Bachelor TR-NQF-HE: Level 6 QF-EHEA: First Cycle EQF-LLL: Level 6

Course Introduction and Application Information

Course Code Course Name Semester Theoretical Practical Credit ECTS
SOC3058 Theories of Fascism National Socialism and Far Right Fall 3 0 3 5
This catalog is for information purposes. Course status is determined by the relevant department at the beginning of semester.

Basic information

Language of instruction: English
Type of course: Non-Departmental Elective
Course Level: Bachelor’s Degree (First Cycle)
Mode of Delivery: Face to face
Course Coordinator : Dr. Öğr. Üyesi KAYA AKYILDIZ
Course Lecturer(s): Dr. Öğr. Üyesi KAYA AKYILDIZ
Recommended Optional Program Components: "."
Course Objectives: The purpose of this course is to analyze fascism and National Socialism, and to provide a basis to assess the significance of these world-views in the modern period. Another goal of the course is to describe the relationship between ultra-right and conservative regimes and ideologies, and fascism. We will also describe the fascist and far right regimes and movements in countries like Germany, Italy, France, Spain, Portugal, Hungary, Romania, Japan, and Turkey.

Learning Outcomes

The students who have succeeded in this course;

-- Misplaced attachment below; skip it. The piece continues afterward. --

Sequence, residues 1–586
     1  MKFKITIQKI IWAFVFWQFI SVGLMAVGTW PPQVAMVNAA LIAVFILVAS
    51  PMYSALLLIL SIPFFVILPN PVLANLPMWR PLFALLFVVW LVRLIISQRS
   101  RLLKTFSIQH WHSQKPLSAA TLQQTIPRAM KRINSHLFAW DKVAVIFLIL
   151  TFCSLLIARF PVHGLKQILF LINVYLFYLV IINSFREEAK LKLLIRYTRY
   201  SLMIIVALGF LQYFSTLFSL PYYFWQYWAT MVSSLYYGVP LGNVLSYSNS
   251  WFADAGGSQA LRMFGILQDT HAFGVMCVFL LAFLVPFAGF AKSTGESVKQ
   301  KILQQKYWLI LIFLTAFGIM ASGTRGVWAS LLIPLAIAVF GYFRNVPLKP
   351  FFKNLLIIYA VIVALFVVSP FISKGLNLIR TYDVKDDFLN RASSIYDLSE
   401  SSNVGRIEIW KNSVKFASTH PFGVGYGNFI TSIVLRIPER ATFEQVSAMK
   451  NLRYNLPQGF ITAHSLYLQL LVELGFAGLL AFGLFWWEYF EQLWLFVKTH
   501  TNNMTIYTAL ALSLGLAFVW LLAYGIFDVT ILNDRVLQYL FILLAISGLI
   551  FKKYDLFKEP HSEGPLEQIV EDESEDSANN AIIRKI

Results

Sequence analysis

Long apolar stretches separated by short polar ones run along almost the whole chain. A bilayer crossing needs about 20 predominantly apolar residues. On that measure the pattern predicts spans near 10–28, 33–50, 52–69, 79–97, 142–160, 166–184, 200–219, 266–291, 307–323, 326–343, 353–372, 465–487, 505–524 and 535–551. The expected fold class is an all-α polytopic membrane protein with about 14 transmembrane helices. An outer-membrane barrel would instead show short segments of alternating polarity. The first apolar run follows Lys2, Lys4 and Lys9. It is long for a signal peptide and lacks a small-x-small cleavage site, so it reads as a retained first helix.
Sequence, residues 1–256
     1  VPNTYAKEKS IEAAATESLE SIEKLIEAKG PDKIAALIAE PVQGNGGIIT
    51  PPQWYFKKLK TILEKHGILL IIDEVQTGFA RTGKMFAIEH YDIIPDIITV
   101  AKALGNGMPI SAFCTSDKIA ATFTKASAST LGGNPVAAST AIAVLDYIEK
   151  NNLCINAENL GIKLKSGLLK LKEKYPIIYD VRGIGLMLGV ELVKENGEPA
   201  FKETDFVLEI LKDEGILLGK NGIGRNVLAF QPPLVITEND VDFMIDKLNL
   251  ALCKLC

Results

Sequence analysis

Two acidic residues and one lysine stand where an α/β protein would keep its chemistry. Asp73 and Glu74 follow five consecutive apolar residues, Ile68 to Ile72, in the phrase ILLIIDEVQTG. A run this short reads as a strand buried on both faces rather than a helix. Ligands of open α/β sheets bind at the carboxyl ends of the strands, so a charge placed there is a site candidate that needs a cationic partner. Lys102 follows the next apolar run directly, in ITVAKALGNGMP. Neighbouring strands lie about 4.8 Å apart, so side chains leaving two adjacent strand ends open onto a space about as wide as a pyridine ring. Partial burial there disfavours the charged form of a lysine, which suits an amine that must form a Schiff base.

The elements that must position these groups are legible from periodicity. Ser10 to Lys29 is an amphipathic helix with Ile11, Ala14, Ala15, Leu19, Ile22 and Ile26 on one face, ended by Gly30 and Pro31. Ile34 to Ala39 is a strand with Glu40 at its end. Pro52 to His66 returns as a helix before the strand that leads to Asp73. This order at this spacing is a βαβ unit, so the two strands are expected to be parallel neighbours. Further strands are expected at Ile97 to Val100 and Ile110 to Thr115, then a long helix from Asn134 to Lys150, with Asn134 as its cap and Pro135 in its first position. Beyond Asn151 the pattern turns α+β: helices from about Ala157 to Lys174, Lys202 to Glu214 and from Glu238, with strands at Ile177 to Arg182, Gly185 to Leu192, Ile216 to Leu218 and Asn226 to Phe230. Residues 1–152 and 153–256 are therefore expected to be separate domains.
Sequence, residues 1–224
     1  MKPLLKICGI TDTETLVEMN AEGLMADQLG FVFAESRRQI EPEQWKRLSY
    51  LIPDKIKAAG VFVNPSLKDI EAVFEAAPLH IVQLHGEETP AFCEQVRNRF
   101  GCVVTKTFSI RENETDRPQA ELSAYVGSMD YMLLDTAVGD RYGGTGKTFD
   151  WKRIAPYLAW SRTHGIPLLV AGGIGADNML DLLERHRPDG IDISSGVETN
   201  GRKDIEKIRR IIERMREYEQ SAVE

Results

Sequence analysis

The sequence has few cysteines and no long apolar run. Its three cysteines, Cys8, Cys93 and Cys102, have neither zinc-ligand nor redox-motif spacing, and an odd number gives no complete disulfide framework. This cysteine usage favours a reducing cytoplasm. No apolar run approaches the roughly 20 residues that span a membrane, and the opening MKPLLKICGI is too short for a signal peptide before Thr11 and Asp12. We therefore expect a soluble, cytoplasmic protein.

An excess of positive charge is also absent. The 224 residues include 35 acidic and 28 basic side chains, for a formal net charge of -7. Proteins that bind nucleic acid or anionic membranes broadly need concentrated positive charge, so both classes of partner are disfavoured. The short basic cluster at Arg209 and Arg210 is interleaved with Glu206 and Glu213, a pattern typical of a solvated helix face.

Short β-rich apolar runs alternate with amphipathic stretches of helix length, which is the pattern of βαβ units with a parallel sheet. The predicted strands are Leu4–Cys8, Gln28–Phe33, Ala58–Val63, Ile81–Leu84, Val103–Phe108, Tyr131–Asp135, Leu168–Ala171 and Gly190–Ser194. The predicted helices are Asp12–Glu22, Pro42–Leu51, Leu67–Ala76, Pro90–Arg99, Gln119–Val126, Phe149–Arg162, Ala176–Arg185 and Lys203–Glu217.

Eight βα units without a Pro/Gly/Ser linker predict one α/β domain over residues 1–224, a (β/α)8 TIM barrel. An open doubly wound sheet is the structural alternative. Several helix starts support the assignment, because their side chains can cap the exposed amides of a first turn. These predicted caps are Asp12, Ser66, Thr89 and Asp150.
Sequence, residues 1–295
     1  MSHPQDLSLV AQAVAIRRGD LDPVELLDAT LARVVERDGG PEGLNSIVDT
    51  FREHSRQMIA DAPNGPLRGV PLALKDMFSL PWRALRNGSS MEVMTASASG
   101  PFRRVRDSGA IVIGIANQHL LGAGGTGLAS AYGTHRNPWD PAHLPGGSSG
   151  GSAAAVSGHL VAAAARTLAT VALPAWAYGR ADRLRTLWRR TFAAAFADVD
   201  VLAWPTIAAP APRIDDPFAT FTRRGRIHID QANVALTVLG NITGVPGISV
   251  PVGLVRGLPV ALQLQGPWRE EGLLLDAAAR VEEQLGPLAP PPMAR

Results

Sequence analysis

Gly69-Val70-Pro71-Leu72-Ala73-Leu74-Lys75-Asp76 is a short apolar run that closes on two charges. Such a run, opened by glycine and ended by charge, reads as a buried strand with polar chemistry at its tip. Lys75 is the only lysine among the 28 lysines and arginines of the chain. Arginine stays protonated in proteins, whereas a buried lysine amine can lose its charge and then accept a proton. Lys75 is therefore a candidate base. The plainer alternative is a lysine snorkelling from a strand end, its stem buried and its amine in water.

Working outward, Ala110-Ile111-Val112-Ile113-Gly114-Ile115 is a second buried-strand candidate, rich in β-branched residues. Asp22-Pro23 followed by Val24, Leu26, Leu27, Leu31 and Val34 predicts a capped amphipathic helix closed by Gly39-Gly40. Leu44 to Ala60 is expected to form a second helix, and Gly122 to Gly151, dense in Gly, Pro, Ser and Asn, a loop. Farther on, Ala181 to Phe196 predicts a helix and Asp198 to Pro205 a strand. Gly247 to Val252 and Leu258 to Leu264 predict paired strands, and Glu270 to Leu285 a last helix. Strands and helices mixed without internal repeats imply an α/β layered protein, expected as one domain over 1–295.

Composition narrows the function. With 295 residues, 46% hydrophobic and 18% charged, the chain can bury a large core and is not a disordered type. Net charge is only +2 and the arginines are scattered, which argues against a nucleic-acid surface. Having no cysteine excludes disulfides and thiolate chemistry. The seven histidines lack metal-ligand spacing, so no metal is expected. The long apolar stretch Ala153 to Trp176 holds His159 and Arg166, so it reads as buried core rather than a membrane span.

The students who succeeded in this course will be able to:
1) Describe and synthesizing sociological concepts and theories in the field of fascism and far right
2) Evaluate the relations between fascism and the far right
3) Analyze the major conceptual and research issues related to fascism and far right
4) Assess various explanatory models of fascism and Nazism
5) Analyze Turkish society by a new sociological perspective

Course Content

This course has three major sections and each section is designed for a specific purpose. The first section is about the definition of fascism, Nazism and far right. In the second section the history of fascism, Nazism and far right will be analyzed. The third and the final section is about the similarities and differences of various examples of fascist, dictatorial and far right regimes.

Weekly Detailed Course Contents

Week Subject Related Preparation
1) Introduction and course outline
2) Towards a definition of fascism and national socialism Roger EATWELL, Fascism: A History
3) Detailed analyses of fascist phenomena Mark NEOCLEOUS, Fascism. Robert PAXTON, The Anatomy of Fascism
4) Fascist minimum(s) and “State of Exception” Carl SCHMITT, The Concept of Political. Giorgio AGAMBEN, The State of Exception.
5) The production of fascism Stanley G. PAYNE, A History of Fascism: 1914-1945
6) Is there a nature of fascism? Roger GRIFFIN, The Nature of Fascism.
7) Course review and midterm
8) What is the DOB of fascism? Zeev STERNHELL, The birth of fascist ideology: From cultural rebellion to political revolution.
9) Fascism and power Michael MANN, Fascists.
10) Fascist ideology and power Mark MAZOWER, Dark Continent:Europe’s Twentieth Century. Ian KERSHAW, The Nazi Dictatorship:Problems and Perspectives of Interpretation